As discussed above, a distinction is made between “general” and “specific” provisions. The definitions established in the Basle Capital Accord were made specifically in view of the elements to be included in calculating the capital ratio. Specific provisions, which are ascribed to an identified deterioration of particular assets (or known liabilities) are excluded from capital. The Basle Capital Accord defines general provisions as created against unidentified losses and freely available to meet losses which subsequently materialize. General provisions therefore qualify for inclusion in the banks’ capital. 1/

In light of the Basle Capital Accord, many countries have adopted accounting practices to reflect the different nature of general and specific provisions. Specific provisions are presented on the asset side. This accounting practice underscores that the value of net assets (gross assets minus allowances for loan losses) falls when specific provisions are charged. General provisions would be presented on the liabilities side of the balance sheet.

3. Criteria for establishing and resolving loan loss provisions

To determine the extent of lost value of a loan, four main criteria are generally employed: untimely debt-service payments, deterioration in the economic situation of the borrower, deterioration in the general economic environment, and deterioration in the value of collateral. A loan classification system is one way of summarizing this information. 1/ For instance, a loan classification system may be composed of four classes such as “pass,” “sub-standard,” “doubtful,” and “loss,” classifying the quality of loans in descending order.

Loan classification systems are often used as a reference point for defining the level of required provisions. A regulatory authority might require that the bank must determine the allowance for loan losses for each category of classified loans such that the allowance reflects the difference between the nominal value of the loan and a fair estimate of its current value. Regulatory agencies may propose rules of thumb based on industry averages of recent years. For instance, such rules of thumb may permit banks to maintain zero percent on the nominal value of loans that are in the category “pass,” but require allowances for loan losses equivalent to 20 percent for loans classified as “sub-standard,” 50 percent for loans classified as “doubtful,” and 100 percent for loans classified as loss (but not written off).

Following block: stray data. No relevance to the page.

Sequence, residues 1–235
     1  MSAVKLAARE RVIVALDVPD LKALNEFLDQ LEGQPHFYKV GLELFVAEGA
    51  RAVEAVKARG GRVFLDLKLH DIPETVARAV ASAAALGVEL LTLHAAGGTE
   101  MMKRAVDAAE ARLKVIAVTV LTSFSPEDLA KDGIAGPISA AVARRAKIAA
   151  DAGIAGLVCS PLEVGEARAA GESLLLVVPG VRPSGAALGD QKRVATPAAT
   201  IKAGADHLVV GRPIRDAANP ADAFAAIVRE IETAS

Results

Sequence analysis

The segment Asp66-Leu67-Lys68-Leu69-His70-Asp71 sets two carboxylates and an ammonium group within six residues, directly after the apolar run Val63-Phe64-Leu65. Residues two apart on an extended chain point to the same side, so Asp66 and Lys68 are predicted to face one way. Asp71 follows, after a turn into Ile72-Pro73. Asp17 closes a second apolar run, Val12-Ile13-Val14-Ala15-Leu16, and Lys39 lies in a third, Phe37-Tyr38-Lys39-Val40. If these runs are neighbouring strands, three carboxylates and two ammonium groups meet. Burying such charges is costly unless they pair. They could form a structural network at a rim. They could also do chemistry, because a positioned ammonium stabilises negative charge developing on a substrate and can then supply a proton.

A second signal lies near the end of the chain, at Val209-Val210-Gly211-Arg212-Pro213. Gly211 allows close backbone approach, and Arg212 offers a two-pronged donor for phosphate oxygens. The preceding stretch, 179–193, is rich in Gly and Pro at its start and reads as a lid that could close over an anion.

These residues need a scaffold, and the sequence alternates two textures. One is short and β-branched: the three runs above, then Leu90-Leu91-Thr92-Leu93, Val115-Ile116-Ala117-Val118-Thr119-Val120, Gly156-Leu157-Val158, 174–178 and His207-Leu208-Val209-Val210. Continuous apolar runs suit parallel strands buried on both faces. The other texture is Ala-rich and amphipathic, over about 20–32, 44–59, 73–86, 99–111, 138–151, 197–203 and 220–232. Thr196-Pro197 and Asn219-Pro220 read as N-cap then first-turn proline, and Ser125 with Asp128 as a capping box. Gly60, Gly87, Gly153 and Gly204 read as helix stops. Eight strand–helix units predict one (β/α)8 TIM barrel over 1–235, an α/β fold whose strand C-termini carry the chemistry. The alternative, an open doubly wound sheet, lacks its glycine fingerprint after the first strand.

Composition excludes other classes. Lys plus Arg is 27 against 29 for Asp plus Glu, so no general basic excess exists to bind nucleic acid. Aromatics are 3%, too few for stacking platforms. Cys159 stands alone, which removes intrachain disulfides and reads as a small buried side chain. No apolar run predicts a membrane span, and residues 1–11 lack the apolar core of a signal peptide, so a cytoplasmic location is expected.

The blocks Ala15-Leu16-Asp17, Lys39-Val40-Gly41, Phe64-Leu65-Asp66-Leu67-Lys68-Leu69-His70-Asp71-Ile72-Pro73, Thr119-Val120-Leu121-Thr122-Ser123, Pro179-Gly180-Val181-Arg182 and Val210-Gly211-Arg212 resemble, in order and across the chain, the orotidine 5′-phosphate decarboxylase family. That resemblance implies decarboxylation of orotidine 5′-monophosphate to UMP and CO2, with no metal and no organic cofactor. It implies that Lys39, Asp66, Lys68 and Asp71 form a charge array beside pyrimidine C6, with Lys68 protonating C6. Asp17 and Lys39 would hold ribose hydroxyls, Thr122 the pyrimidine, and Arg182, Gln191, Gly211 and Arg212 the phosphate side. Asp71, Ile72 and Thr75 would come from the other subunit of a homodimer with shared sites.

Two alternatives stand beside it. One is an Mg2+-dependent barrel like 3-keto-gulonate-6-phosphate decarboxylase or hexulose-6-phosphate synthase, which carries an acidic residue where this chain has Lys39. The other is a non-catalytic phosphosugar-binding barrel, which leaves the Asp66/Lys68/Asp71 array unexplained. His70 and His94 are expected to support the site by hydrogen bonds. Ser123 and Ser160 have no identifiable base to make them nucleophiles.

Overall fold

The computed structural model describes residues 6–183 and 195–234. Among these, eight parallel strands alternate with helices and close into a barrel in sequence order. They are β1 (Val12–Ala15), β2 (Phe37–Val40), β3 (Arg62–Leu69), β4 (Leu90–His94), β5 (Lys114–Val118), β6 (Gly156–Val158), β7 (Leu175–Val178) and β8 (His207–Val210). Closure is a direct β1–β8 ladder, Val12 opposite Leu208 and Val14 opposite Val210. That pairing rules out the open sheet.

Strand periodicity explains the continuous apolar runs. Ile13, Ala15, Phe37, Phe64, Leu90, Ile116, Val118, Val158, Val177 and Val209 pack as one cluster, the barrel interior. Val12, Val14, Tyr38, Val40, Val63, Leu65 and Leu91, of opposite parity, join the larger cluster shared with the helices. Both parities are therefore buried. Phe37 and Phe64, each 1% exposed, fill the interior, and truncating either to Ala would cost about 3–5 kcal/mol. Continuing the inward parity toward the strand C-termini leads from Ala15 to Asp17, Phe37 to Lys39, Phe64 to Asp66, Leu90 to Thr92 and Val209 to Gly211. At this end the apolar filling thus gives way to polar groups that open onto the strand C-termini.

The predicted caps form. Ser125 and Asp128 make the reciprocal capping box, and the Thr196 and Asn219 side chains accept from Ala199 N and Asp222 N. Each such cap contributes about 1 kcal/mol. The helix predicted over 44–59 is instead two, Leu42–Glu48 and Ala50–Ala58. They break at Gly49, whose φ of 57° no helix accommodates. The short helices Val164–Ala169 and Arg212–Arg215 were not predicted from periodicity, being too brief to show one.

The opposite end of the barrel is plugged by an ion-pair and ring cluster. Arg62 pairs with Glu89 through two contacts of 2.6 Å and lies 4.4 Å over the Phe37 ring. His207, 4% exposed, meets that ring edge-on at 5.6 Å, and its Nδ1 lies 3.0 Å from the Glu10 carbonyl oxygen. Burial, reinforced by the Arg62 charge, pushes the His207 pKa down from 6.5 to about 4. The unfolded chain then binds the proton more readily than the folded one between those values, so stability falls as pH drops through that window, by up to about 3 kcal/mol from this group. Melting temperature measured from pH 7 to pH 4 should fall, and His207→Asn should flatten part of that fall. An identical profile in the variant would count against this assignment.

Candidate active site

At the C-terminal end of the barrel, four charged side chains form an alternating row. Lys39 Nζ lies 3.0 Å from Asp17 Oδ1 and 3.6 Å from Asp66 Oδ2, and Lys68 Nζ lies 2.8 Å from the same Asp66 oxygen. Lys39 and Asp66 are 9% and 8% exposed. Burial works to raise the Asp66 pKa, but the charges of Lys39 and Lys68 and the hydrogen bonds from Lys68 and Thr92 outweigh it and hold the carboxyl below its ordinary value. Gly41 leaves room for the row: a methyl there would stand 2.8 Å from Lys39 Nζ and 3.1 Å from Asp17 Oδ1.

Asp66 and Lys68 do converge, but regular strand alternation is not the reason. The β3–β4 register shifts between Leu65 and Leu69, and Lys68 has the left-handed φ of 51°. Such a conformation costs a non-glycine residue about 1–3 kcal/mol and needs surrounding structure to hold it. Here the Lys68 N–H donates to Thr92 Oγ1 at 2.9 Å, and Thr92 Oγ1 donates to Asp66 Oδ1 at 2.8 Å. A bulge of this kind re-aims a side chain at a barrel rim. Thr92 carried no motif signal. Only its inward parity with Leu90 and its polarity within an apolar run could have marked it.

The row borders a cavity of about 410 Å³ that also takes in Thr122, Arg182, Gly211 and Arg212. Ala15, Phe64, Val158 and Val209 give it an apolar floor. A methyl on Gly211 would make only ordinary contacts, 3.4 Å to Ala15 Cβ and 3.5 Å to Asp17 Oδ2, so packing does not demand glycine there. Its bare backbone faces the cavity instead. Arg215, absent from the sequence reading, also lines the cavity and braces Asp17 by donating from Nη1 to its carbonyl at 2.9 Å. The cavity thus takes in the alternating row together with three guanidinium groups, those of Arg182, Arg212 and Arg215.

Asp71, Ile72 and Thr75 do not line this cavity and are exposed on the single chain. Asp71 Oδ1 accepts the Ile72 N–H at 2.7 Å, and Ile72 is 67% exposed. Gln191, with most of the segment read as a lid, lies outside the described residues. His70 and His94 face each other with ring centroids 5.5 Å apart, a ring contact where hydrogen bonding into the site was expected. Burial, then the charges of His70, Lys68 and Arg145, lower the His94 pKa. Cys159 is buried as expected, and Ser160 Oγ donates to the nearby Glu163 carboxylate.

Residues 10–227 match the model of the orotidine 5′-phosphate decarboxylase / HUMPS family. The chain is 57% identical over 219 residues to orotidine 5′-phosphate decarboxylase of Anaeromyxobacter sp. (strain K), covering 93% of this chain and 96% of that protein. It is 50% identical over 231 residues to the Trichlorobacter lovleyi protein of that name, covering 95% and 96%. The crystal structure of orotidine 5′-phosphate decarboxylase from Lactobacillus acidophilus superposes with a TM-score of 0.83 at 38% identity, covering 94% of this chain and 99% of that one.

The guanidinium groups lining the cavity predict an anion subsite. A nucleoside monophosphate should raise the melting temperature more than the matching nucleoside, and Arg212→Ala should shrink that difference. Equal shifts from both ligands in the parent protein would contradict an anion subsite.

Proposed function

Several different methods can be applied to determine the extent of the loss and many regulators have stated that no single methodology is preferable. Historical data on loan losses for individual banks, peer group comparisons, and cross country comparisons are used for this purpose. Changes in the general economic environment, including cyclical fluctuations, and changes In the valuation of collateral are also considered in determining adequate levels of provisions. It is ultimately the banks’ responsibility to devise effective systems of provisioning and it is the regulator’s responsibility to verify that the banks’ loan loss provisioning procedures reveal meaningful and consistent information about the true condition of banks’ net worth.

Loans written off the books must be canceled against previously accumulated loan loss allowances. Accounting rules may permit (or require) that a loan is fully (100 percent) provisioned, but remains on the bank’s books until it is written off. The practices for moving from fully provisioned loans classified as “loss” to a write-off depends on the regulatory and legal system. This is illustrated below in Chart 1 (discussed in more detail in Section III, below). In some countries, a loan may not be written off until the bank relinquishes the claim. In other systems, loans classified as “loss” must be written off promptly regardless of further action taken by the bank in an attempt to collect on the loan.

Chart 1:
Chart 1:

Life of a Loan: Legal and Regulatory Stages and Current Value

Citation: IMF Policy Discussion Papers 1996, 006; 10.5089/9781451972009.003.A001

1/ Measured as nominal value of loan minus allowance for loan losses. Principal is fully repayable at the end of contract.2/ Current value of the principal may remain zero or become positive.

If the loss is fully provided for (100 percent provision), a write-off will not change the net balance sheet or the net worth. Neither will it produce an income flow. In this case, loan loss allowances and gross loans are reduced on the balance sheet. When loans are rehabilitated (for instance, from “doubtful” to “substandard”), previously accumulated loan loss allowances must be reduced by crediting provisions in the income statement. Where loan loss provisions are tax deductible, the reversal of a previously established loan loss allowance produces taxable income.

4. The principle of conservatism